Pages 814-815, transcribed by Carolyn Ward from History of Allen and Woodson Counties, Kansas: embellished with portraits of well known people of these counties, with biographies of our representative citizens, cuts of public buildings and a map of each county / Edited and Compiled by L. Wallace Duncan and Chas. F. Scott. Iola Registers, Printers and Binders, Iola, Kan.: 1901; 894 p., [36] leaves of plates: ill., ports.; includes index.


814 cont'd HISTORY OF ALLEN AND  

WILLIAM LYTLE.

A commodious and attractive residence standing in the midst of fine forest trees is the home of William Lytle. It is located on the bank of Cedar creek in Toronto township, Woodson County, and in its neat and tnrifty appearance the farm indicates the careful superintendence of a progressive owner.

A native of Randolph County, Indiana, Mr. Lytle was born November 6, 1845, a son of George and Mary (Toles) Lytle, both of whom were natives of Virginia. When young people his parents removed to Indiana and were married in that state, with whose history they were familar at an early period in the development and improvement of that portion of the country. Mrs. Lytle died in Indiana, when sixty years of age, and Mr. Lytle, long surviving her, passed away at the age of seventy-four. They were the parents of ten children, William being the eighth in order of birth. With his parents he remained until eighteen years of age, and in the meantime lie attended the common schools. He then went to Warren County, Iowa, where he worked in a brick yard for two years, and in 1868 he came to Kansas, settling in the southeastern part of Woodson County, where he homesteaded eighty acres of land, giving his attention to its improvement.

Having thus made preparations for a home of his own Mr. Lytle was united in marriage to Miss Mary Burger on the 17th of January, 1871, and found a faithful companion for life's journey. She is a native of Iowa, an accomplished lady who came to Kansas with her brother, Dr. Burger, and for four years prior to her marriage she engaged in teaching school in Woodson County. They have never had any children, but have lived happily together for thirty years, their mutual love and confidence increasing as the years have gone by.

After Mr. Lytle had secured his title to his homestead he sold the property and came to Toronto township, purchasing one hundred and sixty acres of land where he now resides, seven miles northeast of Toronto on Cedar creek, where he has made a good home, his beautiful residence proving one of the most charming features in the landscape. He was at one time quite extensively engaged in the stock business, but failing health in later years has prevented him from handling the large number of cattle which annually claimed his attention at an earlier period. In 1896 he was elected county commissioner and served in that capacity for three years as a capable and trustworthy officer. He has also served as clerk of Perry township. Starting out in life for himself when a boy of eighteen years, dependent entirely upon his own resources, he has labored energetically and persistently and has always been enabled to provide his wife with a good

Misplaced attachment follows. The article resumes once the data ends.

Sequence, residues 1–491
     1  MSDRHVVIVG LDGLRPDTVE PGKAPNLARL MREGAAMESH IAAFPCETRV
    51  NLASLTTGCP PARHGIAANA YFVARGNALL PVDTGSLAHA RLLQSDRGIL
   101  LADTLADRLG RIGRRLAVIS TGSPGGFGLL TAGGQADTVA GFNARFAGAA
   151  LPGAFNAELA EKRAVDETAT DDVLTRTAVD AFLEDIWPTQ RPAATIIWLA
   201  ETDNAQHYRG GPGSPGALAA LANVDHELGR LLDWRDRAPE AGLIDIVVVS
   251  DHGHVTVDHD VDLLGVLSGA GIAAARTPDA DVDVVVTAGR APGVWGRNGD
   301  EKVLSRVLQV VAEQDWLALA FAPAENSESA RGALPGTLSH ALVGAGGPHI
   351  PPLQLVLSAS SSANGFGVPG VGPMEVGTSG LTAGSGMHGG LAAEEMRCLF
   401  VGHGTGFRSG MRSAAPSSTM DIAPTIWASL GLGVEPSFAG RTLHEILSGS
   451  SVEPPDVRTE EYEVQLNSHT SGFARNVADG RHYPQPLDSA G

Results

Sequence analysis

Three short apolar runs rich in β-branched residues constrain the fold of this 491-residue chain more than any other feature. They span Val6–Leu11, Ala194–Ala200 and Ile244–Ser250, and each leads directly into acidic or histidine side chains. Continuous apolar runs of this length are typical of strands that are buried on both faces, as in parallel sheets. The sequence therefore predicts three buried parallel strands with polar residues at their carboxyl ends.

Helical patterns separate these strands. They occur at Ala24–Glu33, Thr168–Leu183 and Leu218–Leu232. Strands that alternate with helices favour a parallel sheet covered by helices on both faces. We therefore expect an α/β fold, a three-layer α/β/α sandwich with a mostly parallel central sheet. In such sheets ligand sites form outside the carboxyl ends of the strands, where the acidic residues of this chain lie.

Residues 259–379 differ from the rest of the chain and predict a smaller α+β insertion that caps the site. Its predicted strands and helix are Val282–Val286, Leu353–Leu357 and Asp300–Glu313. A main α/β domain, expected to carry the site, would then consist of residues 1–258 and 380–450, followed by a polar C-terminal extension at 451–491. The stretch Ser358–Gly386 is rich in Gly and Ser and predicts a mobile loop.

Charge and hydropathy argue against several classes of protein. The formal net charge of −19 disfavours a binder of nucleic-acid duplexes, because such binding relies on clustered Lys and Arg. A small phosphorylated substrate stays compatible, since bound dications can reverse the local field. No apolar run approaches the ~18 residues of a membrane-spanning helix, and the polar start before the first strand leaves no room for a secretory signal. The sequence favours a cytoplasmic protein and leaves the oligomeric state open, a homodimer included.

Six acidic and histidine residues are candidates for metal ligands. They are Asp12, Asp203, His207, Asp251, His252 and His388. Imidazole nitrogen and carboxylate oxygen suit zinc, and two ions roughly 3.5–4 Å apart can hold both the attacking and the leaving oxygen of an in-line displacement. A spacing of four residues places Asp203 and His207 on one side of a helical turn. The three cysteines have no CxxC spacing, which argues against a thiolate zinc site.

WOODSON COUNTIES, KANSAS. 815

home and surrounds her now with all the comforts and many of the luxuries of life. His has been an honorable success, and today he is one of the highly respected citizens of his adopted county.


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Pages 814-815, transcribed by Carolyn Ward from History of Allen and Woodson Counties, Kansas: embellished with portraits of well known people of these counties, with biographies of our representative citizens, cuts of public buildings and a map of each county / Edited and Compiled by L. Wallace Duncan and Chas. F. Scott. Iola Registers, Printers and Binders, Iola, Kan.: 1901; 894 p., [36] leaves of plates: ill., ports.; includes index.


Tom & Carolyn Ward
Columbus, KS

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